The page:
You and I react to calls like this, the ones embedded in the deep recesses of our mind. When recalled we respond with a programed response to do something. My friend, life’s a story, stayed tuned for more on This Passing Day.
I love Doo-wop music. A genre of music popular during the 1950s and 60s, it was a distinctive format which featured a high tenor singing the lead and a bass singer reciting the lyrics in the middle of the song. Doo-wop featured vocal group harmony, the critical nonsense syllables like “shoo-be-doo” or “doo-wah,” with a simple lyric and beat. Many of these songs have burrowed themselves into my mind so deeply that all it takes is a word or sound and I start Do-wopping my way through my day. What made this music so memorable? I believe it was, without a doubt, the Doo-wopping part that was key to memorability. There was a song in the early 1960s by a Doo-wop group whose name has now slipped from my memory. The bass part was a simple, nonsense lyric: “Memba, memba, rememba-memba” repeated over and over again. Take away the Doo-wop and the song was, perhaps, forgettable. With it, it became a brainworm, a call to sing it over and over again almost without the ability to stop.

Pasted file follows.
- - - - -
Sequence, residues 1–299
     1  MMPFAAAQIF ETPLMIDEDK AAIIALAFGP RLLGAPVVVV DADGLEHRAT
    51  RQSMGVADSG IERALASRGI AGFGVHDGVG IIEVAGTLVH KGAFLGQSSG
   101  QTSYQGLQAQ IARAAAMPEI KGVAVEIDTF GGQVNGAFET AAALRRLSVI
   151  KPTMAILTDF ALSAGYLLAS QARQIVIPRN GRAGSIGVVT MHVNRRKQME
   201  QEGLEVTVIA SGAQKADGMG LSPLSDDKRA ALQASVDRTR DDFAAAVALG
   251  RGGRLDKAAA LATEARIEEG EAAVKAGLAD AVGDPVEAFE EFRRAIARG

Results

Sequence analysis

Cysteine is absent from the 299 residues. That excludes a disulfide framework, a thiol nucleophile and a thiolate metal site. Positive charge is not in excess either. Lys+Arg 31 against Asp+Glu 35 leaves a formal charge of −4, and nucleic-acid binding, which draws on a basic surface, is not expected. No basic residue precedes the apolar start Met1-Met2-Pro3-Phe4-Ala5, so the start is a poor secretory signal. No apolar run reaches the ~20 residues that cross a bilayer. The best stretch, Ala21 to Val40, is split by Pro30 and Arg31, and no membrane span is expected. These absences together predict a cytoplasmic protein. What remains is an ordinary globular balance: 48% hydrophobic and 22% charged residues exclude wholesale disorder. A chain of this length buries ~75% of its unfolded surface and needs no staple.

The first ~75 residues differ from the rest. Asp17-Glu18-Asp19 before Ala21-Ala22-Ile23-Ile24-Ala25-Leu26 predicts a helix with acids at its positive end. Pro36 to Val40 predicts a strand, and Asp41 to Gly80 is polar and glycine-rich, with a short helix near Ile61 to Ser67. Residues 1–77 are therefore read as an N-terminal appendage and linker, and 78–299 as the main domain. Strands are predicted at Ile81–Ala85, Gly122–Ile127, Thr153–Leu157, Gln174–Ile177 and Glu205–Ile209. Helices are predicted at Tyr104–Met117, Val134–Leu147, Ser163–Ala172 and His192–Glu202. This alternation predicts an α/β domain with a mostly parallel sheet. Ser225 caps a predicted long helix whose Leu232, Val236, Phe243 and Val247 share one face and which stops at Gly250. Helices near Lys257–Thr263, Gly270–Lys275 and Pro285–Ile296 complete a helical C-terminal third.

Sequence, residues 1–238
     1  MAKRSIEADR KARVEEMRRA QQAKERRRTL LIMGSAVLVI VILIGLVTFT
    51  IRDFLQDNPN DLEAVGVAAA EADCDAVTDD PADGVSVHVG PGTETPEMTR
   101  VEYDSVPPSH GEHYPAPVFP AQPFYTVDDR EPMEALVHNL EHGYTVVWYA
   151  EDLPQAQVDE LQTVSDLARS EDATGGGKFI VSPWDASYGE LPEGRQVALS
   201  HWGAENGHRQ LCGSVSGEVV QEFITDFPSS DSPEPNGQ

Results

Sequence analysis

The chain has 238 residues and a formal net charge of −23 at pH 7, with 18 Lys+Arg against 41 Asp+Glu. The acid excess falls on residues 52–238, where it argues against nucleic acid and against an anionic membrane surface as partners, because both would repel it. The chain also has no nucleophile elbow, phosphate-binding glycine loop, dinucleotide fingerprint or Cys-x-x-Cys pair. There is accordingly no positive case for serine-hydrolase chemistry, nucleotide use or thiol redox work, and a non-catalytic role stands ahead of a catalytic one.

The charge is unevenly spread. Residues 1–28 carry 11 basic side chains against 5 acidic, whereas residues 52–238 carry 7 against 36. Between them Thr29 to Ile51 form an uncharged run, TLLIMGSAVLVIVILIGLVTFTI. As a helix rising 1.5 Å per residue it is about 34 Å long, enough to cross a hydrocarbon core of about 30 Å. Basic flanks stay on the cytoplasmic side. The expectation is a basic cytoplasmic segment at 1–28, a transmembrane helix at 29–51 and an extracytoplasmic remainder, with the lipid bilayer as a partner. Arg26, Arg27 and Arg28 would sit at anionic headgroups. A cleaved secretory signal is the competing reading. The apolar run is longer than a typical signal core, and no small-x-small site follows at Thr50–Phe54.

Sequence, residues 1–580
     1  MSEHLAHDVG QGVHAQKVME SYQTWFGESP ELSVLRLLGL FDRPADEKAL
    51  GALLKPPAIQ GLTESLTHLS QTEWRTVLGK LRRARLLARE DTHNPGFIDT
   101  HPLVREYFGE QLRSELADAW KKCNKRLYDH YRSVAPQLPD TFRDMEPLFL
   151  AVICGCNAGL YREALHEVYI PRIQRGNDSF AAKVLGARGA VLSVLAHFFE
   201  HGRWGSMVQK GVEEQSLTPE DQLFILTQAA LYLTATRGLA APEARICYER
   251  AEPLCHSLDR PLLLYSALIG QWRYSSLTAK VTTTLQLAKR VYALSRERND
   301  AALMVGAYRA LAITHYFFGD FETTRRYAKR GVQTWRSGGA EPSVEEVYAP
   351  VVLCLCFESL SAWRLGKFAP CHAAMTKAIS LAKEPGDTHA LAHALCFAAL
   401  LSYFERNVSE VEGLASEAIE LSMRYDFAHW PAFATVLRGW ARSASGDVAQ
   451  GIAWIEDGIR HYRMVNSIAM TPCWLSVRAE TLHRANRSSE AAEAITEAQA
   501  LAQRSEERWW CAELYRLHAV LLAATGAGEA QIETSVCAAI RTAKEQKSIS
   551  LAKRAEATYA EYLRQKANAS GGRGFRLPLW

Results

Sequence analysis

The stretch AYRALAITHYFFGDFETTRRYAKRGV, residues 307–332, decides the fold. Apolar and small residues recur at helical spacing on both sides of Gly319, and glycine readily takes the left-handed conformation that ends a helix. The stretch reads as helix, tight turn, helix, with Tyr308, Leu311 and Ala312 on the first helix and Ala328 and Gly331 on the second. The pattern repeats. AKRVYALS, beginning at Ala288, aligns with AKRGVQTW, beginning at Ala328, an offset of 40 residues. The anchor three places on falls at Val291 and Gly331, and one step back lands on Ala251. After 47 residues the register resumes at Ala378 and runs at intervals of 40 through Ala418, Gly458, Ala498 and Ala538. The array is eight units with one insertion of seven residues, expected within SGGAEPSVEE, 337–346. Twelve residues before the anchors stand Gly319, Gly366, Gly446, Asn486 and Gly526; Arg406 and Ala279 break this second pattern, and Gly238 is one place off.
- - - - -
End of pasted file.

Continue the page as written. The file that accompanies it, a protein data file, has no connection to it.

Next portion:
You and I react to calls like this, the ones embedded in the deep recesses of our mind. When re-called we respond with a nearly programed response to do something. While simple on the one hand, it’s so very powerfully drawing on the other.